Blank Image
St. Mary Magdalen's
Catholic Church
Willesden Green
London NW10
Just some images of our church
blank image
blank image
blank image blank image blank image blank image blank image blank image
Click here to go back

Tuesday, May 04, 2010
It is good to vote. The basic dynamic of democracy is good, flowing as it does from the recognition of the dignity of every human being. Aspects of this insight were in the classical tradition and developed by Enlightenment thinkers in the 18th century. The high point of the classical tradition and the firm foundation of the modern tradition has been the historical fact of God becoming Man. Please see the special yellow A5 leaflet “Relevant Information on local candidates”.

What adjectives would you use to describe the large face that is on display front right of our Church? It may well speak to you. It may be the fairly miraculously produced “death mask” of Our Lord. If so it may well speak of unspeakable sadness at the tragic reality of your sin and your suffering, as well as of healing hope for you and love of you.

It is a photographic negative of the face on the Shroud of Turin, which is a linen cloth bearing the image of a man who appears to have suffered physical trauma in a manner consistent with crucifixion. This is now on display in Turin Cathedral for the first time in decades.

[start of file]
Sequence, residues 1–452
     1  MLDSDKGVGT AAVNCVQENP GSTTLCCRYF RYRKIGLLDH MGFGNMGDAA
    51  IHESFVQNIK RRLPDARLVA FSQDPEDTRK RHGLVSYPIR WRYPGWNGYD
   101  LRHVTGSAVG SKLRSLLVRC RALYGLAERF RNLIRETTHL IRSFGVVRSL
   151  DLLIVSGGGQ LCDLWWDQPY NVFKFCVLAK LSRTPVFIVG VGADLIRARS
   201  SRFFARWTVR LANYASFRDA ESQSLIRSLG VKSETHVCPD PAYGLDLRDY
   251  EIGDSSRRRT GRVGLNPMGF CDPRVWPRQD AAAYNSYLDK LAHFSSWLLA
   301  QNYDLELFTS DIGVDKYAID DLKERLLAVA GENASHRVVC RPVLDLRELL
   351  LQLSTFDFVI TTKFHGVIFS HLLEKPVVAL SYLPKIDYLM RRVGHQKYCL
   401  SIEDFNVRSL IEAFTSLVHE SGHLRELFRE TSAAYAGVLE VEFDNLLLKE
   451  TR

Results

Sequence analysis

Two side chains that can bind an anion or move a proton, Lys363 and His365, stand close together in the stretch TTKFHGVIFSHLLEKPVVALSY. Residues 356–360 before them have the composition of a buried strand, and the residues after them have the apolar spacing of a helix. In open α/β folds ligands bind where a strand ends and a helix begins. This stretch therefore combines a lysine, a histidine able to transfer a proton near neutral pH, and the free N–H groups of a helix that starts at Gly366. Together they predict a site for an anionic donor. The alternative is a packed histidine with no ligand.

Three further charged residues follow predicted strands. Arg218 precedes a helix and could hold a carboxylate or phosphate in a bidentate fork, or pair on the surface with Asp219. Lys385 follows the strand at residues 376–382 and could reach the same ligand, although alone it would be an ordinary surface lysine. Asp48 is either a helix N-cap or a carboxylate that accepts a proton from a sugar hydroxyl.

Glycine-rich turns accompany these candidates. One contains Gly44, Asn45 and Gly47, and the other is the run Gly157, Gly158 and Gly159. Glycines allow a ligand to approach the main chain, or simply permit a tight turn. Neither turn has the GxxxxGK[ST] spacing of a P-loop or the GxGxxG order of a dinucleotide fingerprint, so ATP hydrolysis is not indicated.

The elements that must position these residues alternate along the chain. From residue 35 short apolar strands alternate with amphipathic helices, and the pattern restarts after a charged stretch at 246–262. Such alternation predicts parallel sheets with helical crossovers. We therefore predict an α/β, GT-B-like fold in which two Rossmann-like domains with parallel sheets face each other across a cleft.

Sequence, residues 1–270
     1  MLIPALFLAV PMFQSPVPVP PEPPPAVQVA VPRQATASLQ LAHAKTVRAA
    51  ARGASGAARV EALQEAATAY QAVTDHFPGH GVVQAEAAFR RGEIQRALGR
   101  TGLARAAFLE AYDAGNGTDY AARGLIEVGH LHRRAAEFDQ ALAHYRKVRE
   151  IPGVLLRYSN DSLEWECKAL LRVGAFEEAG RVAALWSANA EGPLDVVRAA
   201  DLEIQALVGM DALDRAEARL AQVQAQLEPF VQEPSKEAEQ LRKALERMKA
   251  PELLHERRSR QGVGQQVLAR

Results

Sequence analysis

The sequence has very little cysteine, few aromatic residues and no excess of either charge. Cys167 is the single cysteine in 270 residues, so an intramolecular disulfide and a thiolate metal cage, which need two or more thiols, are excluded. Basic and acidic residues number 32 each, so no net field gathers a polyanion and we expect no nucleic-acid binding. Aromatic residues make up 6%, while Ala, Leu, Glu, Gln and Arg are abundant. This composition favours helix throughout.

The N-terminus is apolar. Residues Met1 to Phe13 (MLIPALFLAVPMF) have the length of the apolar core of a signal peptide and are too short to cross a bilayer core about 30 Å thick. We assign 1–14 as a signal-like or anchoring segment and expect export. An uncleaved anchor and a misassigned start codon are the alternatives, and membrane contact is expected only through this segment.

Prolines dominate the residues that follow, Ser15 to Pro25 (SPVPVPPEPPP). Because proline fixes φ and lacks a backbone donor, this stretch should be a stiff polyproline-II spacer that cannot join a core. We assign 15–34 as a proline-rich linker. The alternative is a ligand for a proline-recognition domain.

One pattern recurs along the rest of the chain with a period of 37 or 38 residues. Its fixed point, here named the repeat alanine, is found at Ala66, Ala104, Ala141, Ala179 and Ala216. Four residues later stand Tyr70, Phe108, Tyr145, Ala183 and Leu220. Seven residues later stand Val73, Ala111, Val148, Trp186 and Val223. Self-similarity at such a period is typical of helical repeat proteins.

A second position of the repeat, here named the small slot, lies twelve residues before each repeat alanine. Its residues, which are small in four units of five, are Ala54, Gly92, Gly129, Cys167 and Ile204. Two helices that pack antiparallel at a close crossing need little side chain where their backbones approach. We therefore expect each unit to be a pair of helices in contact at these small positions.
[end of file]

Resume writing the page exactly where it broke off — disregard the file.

The image on the shroud is much clearer in black-and-white negative than in its natural colour. The Catholic Church has neither formally endorsed nor rejected the shroud, though Popes have venerated it and commented on its mysterious beauty.

The Shroud of Turin is one of, if not the, most studied artifacts in human history. There is evidence that the shroud is the cloth placed on the body of Jesus Christ at the time of his burial, and that the face image is the Holy Face of Jesus. This concerns the origins of the material and details of the image which are accurate in the light of modern historical knowledge. In 1978 a detailed examination was carried out by a team of American scientists called STURP. It found no reliable evidences of forgery. STURP called the question of how the image was formed "a mystery".

In 1988 a radiocarbon dating test was performed on small samples of the shroud. It gave a strongly probable verdict that the cloth dated from the Middle Ages, between 1260 and 1390. However since then two peer reviewed papers in scientific journals have questioned the tests, for instance whether the material used was from medieval repair work after a fire which damaged the cloth.

posted by Sinead Reekie at 9:06 am